Agilent will spotlight its products and expertise together with that of its partners at "Agilent Avenue." The firm's microwave signal generator is sure to garner attention, as it breaks through the 1-W power barrier. With option 521, the PSG E8257D signal generator delivers specified output power ranging from +24 to +28 dBm from 250 MHz to 20 GHz. However, it is usable down to 10 MHz. The generator eliminates the need for additional hardware like amplifiers, couplers, and detectors. With this option, users and units under test are protected from high-power accidents when maximum unleveled output power exceeds 1 W.

The company also is expanding its network-analyzer portfolio to 50 GHz with three PNA-X models. The N5245W covers 10 MHz to 50 GHz while the N5244A spans 10 MHz to 43.5 GHz. The N5241A covers 10 MHz to 13.5 GHz. Agilent will introduce its Infiniium 9000 series oscilloscopes as well. These 1-GHz, 2.5-GHz, and 4-GHz MSOs and DSOs offer a wide range of debug and compliance software.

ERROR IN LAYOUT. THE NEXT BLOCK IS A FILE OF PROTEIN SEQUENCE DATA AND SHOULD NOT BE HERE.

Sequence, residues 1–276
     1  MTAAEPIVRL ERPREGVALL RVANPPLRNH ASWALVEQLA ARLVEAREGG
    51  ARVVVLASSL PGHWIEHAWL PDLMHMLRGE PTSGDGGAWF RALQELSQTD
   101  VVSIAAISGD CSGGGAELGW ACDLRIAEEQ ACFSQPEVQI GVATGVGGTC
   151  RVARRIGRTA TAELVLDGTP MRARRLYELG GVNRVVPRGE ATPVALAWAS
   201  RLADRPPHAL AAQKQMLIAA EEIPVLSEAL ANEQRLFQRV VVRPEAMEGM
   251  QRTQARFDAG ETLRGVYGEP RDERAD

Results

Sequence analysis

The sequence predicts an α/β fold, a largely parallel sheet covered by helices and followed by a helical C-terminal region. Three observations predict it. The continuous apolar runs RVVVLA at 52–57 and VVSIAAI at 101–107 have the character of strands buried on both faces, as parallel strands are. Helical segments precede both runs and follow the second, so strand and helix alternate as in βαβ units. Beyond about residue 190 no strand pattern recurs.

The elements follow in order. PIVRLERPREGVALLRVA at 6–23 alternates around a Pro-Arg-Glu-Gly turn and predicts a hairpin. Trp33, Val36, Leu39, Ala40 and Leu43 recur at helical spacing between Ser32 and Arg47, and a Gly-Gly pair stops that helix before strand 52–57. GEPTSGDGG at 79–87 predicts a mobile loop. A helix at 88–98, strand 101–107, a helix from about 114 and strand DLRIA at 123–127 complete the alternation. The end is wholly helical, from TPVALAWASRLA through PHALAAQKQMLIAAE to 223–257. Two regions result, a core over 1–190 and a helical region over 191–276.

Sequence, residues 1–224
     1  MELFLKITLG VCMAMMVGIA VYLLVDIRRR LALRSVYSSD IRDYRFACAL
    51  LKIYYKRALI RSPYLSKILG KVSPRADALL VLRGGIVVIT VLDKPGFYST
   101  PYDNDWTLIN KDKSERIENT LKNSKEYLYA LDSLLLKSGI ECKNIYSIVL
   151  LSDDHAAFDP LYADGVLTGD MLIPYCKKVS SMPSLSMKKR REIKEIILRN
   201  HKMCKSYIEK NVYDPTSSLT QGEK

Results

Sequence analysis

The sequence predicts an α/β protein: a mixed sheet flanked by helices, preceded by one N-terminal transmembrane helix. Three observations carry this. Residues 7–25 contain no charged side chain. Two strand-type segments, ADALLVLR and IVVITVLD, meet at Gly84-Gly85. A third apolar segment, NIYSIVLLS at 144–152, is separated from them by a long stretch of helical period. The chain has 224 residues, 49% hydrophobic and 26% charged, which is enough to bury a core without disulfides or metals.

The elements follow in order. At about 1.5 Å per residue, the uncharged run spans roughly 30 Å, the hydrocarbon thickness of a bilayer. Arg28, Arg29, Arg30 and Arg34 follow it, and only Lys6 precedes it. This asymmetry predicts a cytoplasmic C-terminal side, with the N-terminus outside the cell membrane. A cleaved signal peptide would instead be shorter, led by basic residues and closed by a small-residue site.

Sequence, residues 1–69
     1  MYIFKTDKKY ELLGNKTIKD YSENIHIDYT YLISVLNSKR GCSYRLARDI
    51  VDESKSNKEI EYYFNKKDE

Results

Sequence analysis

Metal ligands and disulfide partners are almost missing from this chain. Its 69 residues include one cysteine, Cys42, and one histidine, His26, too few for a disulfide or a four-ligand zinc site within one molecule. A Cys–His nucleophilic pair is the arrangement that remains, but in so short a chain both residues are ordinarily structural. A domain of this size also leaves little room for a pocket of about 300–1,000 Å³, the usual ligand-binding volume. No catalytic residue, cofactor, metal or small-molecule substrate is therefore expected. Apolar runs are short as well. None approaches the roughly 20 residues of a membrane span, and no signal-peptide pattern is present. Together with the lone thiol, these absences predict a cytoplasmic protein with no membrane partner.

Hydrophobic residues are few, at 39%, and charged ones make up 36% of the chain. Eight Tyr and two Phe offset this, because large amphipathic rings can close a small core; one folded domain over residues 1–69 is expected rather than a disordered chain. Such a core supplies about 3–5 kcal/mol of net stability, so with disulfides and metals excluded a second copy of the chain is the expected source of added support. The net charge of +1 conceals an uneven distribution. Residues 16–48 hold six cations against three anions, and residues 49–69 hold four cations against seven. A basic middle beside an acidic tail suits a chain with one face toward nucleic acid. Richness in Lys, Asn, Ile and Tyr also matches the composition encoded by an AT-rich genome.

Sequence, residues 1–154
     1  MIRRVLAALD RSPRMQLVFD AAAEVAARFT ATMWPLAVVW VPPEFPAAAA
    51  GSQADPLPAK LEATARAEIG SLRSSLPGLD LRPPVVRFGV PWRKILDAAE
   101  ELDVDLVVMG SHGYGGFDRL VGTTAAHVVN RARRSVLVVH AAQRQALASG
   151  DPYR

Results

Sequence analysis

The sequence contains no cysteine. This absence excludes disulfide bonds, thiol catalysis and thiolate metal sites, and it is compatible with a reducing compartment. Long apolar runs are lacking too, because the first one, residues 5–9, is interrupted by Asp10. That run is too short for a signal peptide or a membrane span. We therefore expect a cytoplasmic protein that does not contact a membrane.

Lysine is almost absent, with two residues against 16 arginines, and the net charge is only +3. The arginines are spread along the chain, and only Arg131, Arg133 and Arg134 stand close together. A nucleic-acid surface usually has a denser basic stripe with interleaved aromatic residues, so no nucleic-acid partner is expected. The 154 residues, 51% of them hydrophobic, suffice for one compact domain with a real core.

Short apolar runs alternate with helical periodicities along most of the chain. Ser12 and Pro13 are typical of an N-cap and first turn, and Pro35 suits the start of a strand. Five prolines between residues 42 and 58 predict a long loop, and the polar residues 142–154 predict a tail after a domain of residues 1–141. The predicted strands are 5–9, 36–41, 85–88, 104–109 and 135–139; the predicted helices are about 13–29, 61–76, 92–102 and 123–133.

On the software side, Agilent EEsof will be debuting EMPro 2009, which marks the company's re-entry into threedimensional (3D) electromagnetic (EM) simulation. This intuitive user interface (UI) allows engineers to create 3D parameterized components, add them to the Advanced Design System (ADS) layout, and simulate the combined structure for an accurate prediction of the circuit's performance. This UI promises to save two hours per simulation, as the tight 3D EM simulation with ADS eliminates the need to re-draw, re-enter material parameters, assign ports, and assign boundary conditions in other tools. EMPro 2009 integrates both time- and frequency-domain 3D EM engines to cover a range of applications. In addition, cross-validation between the frequency- and time-domain solvers provides confidence in the 3D EM simulation.

The company also will be releasing ADS 2009 Update 1, which streamlines the monolithic-microwave-integratedcircuit (MMIC) design flow. The new MMIC layout personality allows oneclick access to common layout functions. The tool also offers integration with industry-standard LVS and DRC tools. This update includes X-parameter model generation from ADS simulations. As a result, MMIC design houses will be able to provide virtual samples to customers before the actual hardware is available. Because specification changes can be easily made in simulation, the company estimates that this capability can cut four months from an engagement sequence.